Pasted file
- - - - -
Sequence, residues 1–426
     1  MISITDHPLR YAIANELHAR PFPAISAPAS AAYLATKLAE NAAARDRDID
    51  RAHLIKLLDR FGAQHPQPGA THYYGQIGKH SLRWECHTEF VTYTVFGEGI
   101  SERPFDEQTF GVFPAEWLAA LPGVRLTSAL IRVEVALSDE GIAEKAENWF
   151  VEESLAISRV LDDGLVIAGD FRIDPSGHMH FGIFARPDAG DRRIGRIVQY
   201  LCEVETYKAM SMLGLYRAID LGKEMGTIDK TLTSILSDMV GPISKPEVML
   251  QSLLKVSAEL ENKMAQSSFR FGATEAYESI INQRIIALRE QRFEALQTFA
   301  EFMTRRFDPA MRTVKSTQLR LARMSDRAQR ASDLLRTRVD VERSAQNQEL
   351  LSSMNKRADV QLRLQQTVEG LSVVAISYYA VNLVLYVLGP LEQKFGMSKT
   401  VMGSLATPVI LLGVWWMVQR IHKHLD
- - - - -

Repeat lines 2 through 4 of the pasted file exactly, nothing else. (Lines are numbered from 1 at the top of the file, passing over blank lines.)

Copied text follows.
     1  MISITDHPLR YAIANELHAR PFPAISAPAS AAYLATKLAE NAAARDRDID
    51  RAHLIKLLDR FGAQHPQPGA THYYGQIGKH SLRWECHTEF VTYTVFGEGI
   101  SERPFDEQTF GVFPAEWLAA LPGVRLTSAL IRVEVALSDE GIAEKAENWF